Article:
Dalí’s meditations on art and the paranoid-critical method, plus poems and more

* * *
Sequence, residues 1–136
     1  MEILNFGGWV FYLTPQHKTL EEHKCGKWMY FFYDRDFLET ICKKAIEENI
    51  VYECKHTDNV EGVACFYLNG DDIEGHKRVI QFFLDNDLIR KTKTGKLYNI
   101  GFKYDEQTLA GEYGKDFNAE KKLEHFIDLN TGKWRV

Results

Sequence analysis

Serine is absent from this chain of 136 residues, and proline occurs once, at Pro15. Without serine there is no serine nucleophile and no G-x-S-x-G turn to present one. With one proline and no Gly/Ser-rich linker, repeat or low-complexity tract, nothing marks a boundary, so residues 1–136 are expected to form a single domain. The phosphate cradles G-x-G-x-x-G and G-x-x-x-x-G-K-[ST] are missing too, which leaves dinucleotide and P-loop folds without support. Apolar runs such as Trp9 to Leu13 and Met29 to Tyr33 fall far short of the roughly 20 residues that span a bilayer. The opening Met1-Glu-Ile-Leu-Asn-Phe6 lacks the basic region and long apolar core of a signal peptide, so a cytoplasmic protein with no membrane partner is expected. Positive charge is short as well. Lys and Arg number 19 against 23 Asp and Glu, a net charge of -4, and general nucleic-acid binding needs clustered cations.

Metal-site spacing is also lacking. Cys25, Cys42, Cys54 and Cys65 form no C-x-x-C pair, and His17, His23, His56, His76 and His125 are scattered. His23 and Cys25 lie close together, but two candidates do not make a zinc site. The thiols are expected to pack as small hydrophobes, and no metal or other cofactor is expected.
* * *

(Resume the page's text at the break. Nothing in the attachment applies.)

Salvador Dalí’s writings from the period in which he was most closely allied with the Surrealists have never before been translated into English. These short fictions, essays and poems contain all the egotistic brio one might expect from Dalí, but they also reveal an earnest and even sentimental artist. They document Dalí’s friendships with fellow Spaniards Luis Buñuel and Federico García Lorca, his entry into the world of the Parisian Surrealists, his passion for the emerging arts of photography and cinema, and the development of his “Paranoid-Critical Method,” the theoretical basis for Dalí’s work throughout his life. In 1934, Dalí and André Breton would break forever–“The only difference between me and a Surrealist is that I am a Surrealist,” he later said–but in the period 1927-33, such distinctions were unnecessary.